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23, no qualifications, are my days over? watch

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    (Original post by Inve)
    Probably because it's a lot of work and these days an awful lot of money in loans.
    Exactly. The OP seems to think uni will magically lead to riches - far from it.

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    (Original post by Thatsthespirit)
    I've just dug up my results and at first glance they are not as bad as I first thought, still bad though!

    GCSE's:

    Maths - D
    English - C
    English Lit - C
    Food Tech - D
    German - D
    History - E
    Science - C
    Additional Science - D

    GCSE Short Course:

    Citizenship Studies - C

    Any ideas where I can go from those results? 3 GCSE's A-C (4 including short course) but only a D in Maths.
    The academic year for many colleges has already begun, but I'd suggest contacting a few local colleges and seeing if they've got any spaces on a GCSE Maths course / Access to HE course as a late entry.

    You may find one that'll allow you to do an access to HE alongside a Maths GCSE because the good news is you already have English & Science at a grade C and some colleges may be willing to work with you on that basis.
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    lol so this is how long it takes for people to realize uni/college is important?crikey, at least you did realize.
    Just sit some gcses (english,science,maths, etc) then go do a levels then go uni lol good luck
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    (Original post by justag)
    Exactly. The OP seems to think uni will magically lead to riches - far from it.

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    How did you work that one out? In no way whatsoever over the thread have I stated anything that sounds close to 'UNI WILL MAKE ME RICH'. If anything, I'm well off now. I had my own flat at the age of 21 and earning comfortable money as it is.

    Obviously you've had or having a bad experience with money or your studies so I'll refrain from upsetting you further, or better still, just stop clicking on this thread?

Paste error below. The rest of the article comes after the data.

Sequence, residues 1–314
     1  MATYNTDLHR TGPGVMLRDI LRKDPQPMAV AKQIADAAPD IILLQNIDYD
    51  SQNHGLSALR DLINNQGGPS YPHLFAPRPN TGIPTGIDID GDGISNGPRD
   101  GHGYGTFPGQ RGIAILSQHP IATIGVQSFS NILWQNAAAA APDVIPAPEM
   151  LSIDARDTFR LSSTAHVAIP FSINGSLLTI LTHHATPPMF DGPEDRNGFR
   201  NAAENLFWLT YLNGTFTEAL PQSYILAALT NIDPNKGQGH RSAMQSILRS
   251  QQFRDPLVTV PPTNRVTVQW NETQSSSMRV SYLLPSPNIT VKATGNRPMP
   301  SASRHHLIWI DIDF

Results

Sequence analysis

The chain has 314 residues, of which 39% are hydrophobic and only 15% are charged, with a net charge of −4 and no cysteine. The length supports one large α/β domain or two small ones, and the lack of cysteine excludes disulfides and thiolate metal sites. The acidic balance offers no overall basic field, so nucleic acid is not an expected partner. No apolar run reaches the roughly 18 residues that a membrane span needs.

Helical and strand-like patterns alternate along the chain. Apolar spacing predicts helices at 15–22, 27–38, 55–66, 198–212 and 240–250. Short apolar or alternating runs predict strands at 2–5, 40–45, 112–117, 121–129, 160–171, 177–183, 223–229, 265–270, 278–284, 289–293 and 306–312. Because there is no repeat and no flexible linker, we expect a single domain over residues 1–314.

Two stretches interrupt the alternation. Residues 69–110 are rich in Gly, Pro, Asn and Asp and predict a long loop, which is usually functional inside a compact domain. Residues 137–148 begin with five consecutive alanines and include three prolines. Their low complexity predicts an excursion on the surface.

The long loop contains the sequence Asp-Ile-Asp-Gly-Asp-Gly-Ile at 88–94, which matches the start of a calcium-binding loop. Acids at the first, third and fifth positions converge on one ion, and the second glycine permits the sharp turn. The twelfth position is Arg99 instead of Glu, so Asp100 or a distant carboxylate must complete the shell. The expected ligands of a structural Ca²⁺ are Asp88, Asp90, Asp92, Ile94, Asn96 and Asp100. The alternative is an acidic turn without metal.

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    I don't think that qualifications are necessarily the be-all and end-all of one's employment prospects, but - no offence intended, OP - someone who's stuck in a miserable job at a carpet factory isn't exactly going to waltz into any other better jobs, nor are they likely to work their way up in the business. The OP has three options that are more likely to lead to a more fulfilling job: (1) look for something else he can get into despite poor qualifications (e.g Police), (2) starting his own business, or (3) improving his qualifications. (Sorry, OP, if you're female; assumed you're male!)

    OP: If option 1 or 2 appeals, go for it. But I think option 3 has a lot to offer, assuming you're motivated to put the work in. It gives you the opportunity to discover and develop your interests over a few years, rather than having to immediately commit to a specific career. Imo, it's better to think about what you want to do and find a path to help you get into it, rather than limit yourself to the options that might be available with your current qualifications. Apart from the mortgage (which has been discussed previously), there's not really anything holding you back, so why not go for it if it's what you want to do?
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    (Original post by Thatsthespirit)
    How did you work that one out? In no way whatsoever over the thread have I stated anything that sounds close to 'UNI WILL MAKE ME RICH'. If anything, I'm well off now. I had my own flat at the age of 21 and earning comfortable money as it is.

    Obviously you've had or having a bad experience with money or your studies so I'll refrain from upsetting you further, or better still, just stop clicking on this thread?
    Alright, calm down. lol

    From your track record it doesn't seem like you enjoy studying. So why do it anymore? Ever thought about that?
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    (Original post by jimmy_looks_2ice)
    I don't think that qualifications are necessarily the be-all and end-all of one's employment prospects, but - no offence intended, OP - someone who's stuck in a miserable job at a carpet factory isn't exactly going to waltz into any other better jobs, nor are they likely to work their way up in the business. The OP has three options that are more likely to lead to a more fulfilling job: (1) look for something else he can get into despite poor qualifications (e.g Police), (2) starting his own business, or (3) improving his qualifications. (Sorry, OP, if you're female; assumed you're male!)

    OP: If option 1 or 2 appeals, go for it. But I think option 3 has a lot to offer, assuming you're motivated to put the work in. It gives you the opportunity to discover and develop your interests over a few years, rather than having to immediately commit to a specific career. Imo, it's better to think about what you want to do and find a path to help you get into it, rather than limit yourself to the options that might be available with your current qualifications. Apart from the mortgage (which has been discussed previously), there's not really anything holding you back, so why not go for it if it's what you want to do?